Even the most diehard optimists would now admit that it will be extremely difficult to pull the economy back from its current downhill ride. According to official statistics released on Thursday, the economy grew by just 5.3 per cent during the last quarter of fiscal 2011-12 (January-March 2012). This has been the lowest growth rate recorded in any quarter during the past three years, substantially below the 6.1 per cent clocked during the third quarter (October-December 2011).The trend line is unmistakable: there has been a sure and steady decline over successive quarters. That in turn has necessitated a revision in the annual growth figures. Notably for the last year, while the advance estimates of February projected a GDP growth figure of 6.9 per cent, the rate has now been pegged at 6.5 per cent after factoring in the fourth quarter data. To put this in perspective, the economy grew by 8.4 per cent during 2010-11 on the back of an impressive 9.2 per cent in the fourth quarter. During the January-March quarter, industrial performance has suffered with manufacturing actually contracting by 0.3 per cent compared to a 7.5 per cent increase the previous year. Mining grew by 4.3 per cent, up from 0.6 per cent the previous year. However, construction was down by nearly a half. The services sector has had a fairly uneven performance. While ‘financing, real estate, insurance' saw robust growth of 10 per cent, the sub-segment ‘trade, hotels' decelerated sharply to 7.1 per cent from 11.6 per cent a year ago.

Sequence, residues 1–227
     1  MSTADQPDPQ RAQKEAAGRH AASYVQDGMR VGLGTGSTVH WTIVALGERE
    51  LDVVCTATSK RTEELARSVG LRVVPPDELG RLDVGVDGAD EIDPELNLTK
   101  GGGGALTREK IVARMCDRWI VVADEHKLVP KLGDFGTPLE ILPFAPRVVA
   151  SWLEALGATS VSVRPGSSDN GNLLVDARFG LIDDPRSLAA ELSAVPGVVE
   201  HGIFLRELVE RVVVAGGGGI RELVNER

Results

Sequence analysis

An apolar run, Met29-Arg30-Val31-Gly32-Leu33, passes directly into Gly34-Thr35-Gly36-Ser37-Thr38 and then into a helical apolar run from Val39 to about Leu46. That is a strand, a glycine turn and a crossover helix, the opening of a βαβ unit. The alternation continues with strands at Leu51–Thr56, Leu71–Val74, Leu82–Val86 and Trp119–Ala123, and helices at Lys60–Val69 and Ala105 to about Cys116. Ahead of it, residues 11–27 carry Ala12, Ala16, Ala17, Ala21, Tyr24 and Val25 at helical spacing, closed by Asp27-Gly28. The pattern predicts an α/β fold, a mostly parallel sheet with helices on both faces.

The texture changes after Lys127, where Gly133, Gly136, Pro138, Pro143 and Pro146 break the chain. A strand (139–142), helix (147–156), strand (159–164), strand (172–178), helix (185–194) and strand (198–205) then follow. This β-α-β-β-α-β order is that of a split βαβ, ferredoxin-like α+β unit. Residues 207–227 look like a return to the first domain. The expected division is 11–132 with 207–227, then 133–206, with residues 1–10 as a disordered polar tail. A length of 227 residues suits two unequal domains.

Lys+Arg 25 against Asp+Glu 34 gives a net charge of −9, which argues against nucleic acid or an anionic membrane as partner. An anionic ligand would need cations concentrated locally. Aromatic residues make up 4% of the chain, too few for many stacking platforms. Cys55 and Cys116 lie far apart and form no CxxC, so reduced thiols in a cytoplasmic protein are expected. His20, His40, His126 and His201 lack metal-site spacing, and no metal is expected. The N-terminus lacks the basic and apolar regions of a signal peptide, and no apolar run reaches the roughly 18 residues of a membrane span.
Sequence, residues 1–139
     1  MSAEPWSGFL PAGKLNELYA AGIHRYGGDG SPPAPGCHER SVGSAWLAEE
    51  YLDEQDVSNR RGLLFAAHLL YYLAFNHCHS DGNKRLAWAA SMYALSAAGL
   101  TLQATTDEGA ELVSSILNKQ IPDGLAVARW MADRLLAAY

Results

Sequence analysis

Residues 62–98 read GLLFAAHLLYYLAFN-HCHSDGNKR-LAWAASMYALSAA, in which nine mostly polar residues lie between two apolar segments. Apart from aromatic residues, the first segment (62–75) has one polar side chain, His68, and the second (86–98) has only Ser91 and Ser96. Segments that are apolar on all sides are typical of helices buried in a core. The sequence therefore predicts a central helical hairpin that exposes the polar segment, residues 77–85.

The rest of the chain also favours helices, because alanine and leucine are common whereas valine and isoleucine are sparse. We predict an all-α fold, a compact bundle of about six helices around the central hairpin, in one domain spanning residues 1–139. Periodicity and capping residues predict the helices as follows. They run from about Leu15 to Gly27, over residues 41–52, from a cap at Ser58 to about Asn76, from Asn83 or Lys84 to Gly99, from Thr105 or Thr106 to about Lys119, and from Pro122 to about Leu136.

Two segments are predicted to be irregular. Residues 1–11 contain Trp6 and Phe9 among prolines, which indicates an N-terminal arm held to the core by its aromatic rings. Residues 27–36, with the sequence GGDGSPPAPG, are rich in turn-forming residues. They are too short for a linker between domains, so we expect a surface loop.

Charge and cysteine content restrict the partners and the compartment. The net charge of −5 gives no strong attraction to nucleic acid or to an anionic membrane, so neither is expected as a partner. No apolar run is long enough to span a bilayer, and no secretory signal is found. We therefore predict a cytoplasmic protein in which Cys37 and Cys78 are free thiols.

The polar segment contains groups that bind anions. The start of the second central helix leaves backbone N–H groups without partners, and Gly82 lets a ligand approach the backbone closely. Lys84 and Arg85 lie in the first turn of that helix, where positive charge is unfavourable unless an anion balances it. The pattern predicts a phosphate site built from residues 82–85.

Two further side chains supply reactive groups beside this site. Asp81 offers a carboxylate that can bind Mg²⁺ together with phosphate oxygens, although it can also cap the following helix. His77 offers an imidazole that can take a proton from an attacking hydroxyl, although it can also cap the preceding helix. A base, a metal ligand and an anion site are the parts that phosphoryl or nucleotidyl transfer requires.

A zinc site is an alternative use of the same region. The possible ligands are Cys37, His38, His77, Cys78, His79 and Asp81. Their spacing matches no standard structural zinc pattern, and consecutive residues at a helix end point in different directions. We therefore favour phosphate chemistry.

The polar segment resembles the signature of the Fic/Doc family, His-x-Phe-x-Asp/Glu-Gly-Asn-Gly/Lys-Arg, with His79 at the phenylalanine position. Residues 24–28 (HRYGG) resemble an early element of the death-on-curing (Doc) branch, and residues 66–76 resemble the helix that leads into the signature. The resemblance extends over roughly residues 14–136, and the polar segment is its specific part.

The latest data merely confirm the steady deterioration in the macroeconomic landscape. Recently, some of the world's leading investment banks had downgraded India's economic outlook for the fiscal year ending March 2013.The consensus seems to be that the Indian economy would grow by around 6.5 per cent. That is a figure that might still be difficult to achieve given the downward drift that has taken hold. The symbol of India's fall from grace is the rupee which has declined by more than 17 per cent against the dollar since the beginning of the year, creating new records each passing day. However, contrary to popular belief, a weaker rupee has not aided exports and manufacturing, both of which have declined. Imports have become costlier and the overwhelming dependence on foreign petroleum suggests the import bill will remain high. That in turn will fuel inflation. India is one of the few countries that has twin deficits — a fiscal deficit in the region of 5.8 per cent of GDP and a current account deficit likely to exceed four per cent. Investor sentiment has taken a big hit amidst widely shared perceptions of policy paralysis and this — combined with the simmering eurozone crisis — will obviously impact the investment cycle.